It is here that we learn that the “disciple whom Jesus loved” is the eyewitness who wrote the Gospel of John.
- Interestingly, this is the only Gospel that claims that eyewitness authorship.
- We know Luke’s source was Paul.
- We know Mark’s source was primarily Peter.
- And, “Matthew was particularly modest in writing his gospel account. He always refers to himself in the third person and nowhere speaks of himself as the author” – John MacArthur.
So who was John, the eyewitness, the disciple whom Jesus loved?
The traditional contender for the job is John the brother of James.
- Authorship, “relates historically to John the apostle, the son of Zebedee” – Kostenberger.
- However, John the apostle’s authorship is not certain.
- There was another disciple of Jesus named John that some believe could also be the author.
- Richard Bauckham advocates this alternative authorship.
We know from Irenaeus that the John who wrote “John” lived until at least 98 AD.
- “Irenaeus says he lived into the reign of Trajan, which began in 98 CE” – Richard Bauckham.
We know from Papias that there were two disciples of Jesus named John.
“I shall not hesitate also to put into properly ordered form for you (sing.) everything I learned carefully in the past from the elders and noted down well, for the truth of which I vouch. For unlike most people I did not enjoy those who have a great deal to say, but those who teach the truth. Nor did I enjoy those who recall someone else’s commandments, but those who remember the commandments given by the Lord to the faith and proceeding from the truth itself. And if by chance anyone who had been in attendance on the elders should come my way, I inquired about the words of the elders — [that is,] what [according to the elders] Andrew or Peter said (eipen), or Philip, or Thomas, or James, or John, or Matthew, or any other of the Lord’s disciples, and whatever Aristion and the elder John, the Lord’s disciples, were saying (legousin). For I did not think that information from books would profit me as much as information from a living and surviving voice (Eusebius, Hist. Eccl. 3.39.3-4)” – Quote from Papias from Richard Bauckham.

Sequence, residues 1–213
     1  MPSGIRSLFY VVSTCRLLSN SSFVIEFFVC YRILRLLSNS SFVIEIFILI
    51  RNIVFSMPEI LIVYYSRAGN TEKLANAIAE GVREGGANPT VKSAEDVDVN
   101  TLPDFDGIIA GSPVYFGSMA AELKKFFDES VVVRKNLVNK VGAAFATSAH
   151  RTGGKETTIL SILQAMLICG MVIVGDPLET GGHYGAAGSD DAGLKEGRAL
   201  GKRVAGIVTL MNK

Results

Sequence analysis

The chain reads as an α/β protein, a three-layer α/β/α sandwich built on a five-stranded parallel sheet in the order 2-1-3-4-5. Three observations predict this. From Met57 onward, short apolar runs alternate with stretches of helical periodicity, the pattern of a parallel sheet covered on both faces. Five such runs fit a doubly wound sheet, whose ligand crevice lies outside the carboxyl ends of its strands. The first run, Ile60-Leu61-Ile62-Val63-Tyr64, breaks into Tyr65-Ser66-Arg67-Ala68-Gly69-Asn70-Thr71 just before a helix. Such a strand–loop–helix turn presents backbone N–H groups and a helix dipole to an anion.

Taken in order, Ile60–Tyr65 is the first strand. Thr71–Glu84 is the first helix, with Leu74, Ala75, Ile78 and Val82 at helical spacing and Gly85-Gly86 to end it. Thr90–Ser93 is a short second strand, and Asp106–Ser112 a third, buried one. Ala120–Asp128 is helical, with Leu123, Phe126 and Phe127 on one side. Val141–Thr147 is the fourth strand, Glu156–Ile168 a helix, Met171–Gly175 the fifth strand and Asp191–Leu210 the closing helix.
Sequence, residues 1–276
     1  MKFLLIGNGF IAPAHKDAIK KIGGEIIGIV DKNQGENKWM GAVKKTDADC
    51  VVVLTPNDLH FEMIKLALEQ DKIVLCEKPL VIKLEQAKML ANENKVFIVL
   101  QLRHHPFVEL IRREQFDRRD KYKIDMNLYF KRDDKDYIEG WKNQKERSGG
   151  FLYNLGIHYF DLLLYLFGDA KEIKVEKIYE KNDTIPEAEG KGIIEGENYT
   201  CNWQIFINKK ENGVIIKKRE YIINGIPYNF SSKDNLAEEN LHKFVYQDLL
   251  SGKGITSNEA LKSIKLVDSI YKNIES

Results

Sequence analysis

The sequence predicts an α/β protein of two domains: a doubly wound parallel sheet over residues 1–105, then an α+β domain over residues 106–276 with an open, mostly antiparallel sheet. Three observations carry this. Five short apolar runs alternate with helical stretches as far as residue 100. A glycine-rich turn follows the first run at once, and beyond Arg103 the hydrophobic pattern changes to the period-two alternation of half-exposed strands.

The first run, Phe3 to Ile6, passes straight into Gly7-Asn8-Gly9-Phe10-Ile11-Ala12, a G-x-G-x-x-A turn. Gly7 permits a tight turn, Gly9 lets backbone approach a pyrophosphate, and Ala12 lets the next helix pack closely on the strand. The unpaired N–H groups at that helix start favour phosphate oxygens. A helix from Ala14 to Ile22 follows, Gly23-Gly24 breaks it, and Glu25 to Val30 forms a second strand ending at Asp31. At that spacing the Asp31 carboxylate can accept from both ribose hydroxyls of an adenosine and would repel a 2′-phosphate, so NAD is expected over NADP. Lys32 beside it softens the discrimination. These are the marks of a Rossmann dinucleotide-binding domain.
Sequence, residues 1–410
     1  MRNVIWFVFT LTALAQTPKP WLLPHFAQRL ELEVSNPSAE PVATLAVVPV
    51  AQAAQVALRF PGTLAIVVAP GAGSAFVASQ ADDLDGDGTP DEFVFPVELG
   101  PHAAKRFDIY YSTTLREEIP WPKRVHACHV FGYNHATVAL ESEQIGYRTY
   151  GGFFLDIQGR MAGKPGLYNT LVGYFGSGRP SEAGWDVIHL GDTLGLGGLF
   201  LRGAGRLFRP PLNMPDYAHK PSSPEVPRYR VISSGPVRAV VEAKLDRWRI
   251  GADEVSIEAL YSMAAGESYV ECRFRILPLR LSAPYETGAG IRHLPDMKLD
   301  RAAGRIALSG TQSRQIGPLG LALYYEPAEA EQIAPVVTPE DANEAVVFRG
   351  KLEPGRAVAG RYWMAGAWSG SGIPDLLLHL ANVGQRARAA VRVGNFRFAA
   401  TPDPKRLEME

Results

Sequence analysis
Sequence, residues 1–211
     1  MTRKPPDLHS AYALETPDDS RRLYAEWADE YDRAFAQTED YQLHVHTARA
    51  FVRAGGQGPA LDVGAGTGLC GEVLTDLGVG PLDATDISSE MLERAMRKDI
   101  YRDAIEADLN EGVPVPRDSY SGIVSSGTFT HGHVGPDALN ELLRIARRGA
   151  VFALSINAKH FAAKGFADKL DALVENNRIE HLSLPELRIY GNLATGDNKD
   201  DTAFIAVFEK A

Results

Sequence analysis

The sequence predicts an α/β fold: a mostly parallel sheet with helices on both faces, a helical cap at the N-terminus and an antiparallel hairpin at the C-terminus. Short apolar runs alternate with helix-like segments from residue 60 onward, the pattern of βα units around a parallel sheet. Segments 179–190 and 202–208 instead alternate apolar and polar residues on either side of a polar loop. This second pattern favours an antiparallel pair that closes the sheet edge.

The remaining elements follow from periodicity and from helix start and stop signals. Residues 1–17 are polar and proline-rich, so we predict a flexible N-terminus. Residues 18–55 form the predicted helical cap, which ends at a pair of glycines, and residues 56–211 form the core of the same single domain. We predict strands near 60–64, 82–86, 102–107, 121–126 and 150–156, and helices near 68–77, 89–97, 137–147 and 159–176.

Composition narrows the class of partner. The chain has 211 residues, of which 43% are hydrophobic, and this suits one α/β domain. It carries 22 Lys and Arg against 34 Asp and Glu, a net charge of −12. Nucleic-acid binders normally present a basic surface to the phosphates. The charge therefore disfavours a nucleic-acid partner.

And we see in Papias’ words a distinction between John the brother of James and John the elder.
- Additionally, Papias also called the “elder John” a disciple of Jesus.
- In other words, he was a long lived eyewitness of the ministry of Jesus.
- This is certainly intriguing but not a ditch to die in.
I merely want to point this out to demonstrate just how rich the Gospel of John is as both a Gospel of Jesus Christ and as an historical document full of awesome implications for church history.
- It is no wonder that so many – Kostenberger, Carson, Bauckham and others – have invested so much time into this Gospel, its meaning and history.
- It is for these reasons that we spent the last 2.5 years diving deep into its pages.
- I hope that our time in Gospel has borne much fruit.
- It certainly did for me!